• Strong password generator designed to suggest long, complex, random strings of numbers, letters, and symbols for each password. This means there is almost no chance that a hacker can brute force your password. To feel what’s in our minds, try it ESET own password generator.
  • Multi-platform and multi-browser support. Password managers are only useful if they remember and recall your passwords on your favorite websites and apps. If they don’t endorse the site, then you’re probably back to square one – forced to use easy-to-remember credentials. Likewise, it would greatly aid usability if password managers could import credentials from browsers and other password managers.
  • Autofill/autologin. One of the most important features of a password manager is the ability to automatically fill in the strong and complex passwords assigned to each account, after you enter the master password. Failing to provide this, the user experience will be greatly degraded.
  • Remote logout. Improves security and privacy by allowing you to log out of your account remotely, delete browsing history and cookies, and close all open tabs remotely.
  • Integration with two-factor authentication (2FA). While a password manager is important, the gold standard for identity and access management is 2FA, where a second “factor” is required in addition to the password, such as a face scan or a one-time passcode. A password manager it is integrates with popular third-party 2FA apps like Google Authenticator will help streamline the experience.
  • Reset feature for master password. Having a master password is great. But what if you forget it? If there is no reset function, all your passwords will be locked in a digital vault which you cannot open.
  • A trusted seller. This is not a feature to keep in mind when you are doing your research. If the password management company itself is compromised, it could expose all of your passwords, so make sure it has a good security record. One of the popular providers suffered recently major security incident that exposed a customer’s encrypted password – led to call for the user to switch.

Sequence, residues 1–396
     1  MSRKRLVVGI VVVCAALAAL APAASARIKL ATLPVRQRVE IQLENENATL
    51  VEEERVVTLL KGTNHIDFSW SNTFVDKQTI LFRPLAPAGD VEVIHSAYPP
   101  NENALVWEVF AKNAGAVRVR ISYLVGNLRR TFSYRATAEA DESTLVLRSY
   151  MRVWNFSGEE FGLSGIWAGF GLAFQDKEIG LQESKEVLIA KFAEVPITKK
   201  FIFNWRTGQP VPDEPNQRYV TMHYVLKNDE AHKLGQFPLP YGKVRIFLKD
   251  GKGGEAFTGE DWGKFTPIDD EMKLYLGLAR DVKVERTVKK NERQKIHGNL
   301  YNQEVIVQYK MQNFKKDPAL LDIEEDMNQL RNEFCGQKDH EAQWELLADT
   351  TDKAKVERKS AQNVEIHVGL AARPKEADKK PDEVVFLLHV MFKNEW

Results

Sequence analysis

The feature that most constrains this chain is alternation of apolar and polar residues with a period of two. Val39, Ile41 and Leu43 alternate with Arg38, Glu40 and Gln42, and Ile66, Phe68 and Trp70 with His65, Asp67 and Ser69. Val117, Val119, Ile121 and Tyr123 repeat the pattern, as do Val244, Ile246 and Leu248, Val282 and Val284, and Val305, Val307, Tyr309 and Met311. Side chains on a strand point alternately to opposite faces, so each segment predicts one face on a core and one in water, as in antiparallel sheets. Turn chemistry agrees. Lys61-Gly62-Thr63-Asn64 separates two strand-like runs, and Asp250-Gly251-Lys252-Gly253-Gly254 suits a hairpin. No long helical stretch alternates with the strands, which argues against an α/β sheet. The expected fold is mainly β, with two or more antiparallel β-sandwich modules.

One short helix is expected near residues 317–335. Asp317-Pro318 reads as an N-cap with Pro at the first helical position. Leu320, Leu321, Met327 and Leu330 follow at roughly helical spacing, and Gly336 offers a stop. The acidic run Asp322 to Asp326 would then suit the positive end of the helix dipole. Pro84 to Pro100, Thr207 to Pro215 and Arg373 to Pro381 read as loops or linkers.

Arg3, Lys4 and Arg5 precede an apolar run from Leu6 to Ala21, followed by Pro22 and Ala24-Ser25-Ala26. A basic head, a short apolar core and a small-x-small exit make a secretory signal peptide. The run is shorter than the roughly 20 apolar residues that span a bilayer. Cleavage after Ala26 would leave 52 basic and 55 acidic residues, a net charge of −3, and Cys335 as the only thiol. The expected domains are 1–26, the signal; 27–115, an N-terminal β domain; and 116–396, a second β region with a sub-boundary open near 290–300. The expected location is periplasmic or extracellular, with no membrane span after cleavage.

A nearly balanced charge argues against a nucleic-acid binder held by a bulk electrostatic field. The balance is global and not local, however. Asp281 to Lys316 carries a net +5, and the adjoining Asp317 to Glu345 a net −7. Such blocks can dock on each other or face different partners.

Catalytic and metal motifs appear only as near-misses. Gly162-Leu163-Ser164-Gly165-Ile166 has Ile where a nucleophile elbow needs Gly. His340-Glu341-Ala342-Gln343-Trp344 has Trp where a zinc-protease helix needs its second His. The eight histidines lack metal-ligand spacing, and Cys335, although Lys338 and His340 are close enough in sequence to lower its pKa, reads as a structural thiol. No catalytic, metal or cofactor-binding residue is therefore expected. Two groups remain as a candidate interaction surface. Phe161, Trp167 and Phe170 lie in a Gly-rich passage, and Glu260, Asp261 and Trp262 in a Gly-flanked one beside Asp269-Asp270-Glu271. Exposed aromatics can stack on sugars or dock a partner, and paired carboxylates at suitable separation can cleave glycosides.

• Security report can help you to continuously improve password security by showing all your weak passwords in one place.
  • Local or cloud storage? This one may actually be a little difficult and may require you to consider your own circumstances. Local vault storage often gives you better control and security in most cases, but devices are stolen, lost, or hacked and hard drives fail. Cloud-based centralized options may be more convenient, but have their own potential downsides, including requiring you to trust your service provider. There is also a third option – a vault that uses a local database but is stored in your cloud account with a major cloud provider you trust. Ultimately, the security of your passwords depends on strong encryption (point 1) and a cybersecurity posture.

It’s important to remember the limitations of password managers – or, actually, the passwords themselves. Passwords represent one line of defense and may not be sufficient to ward off criminals. As a result (and we can’t stress this enough) – combine your passwords with 2FA so they have a much better chance of keeping hackers out.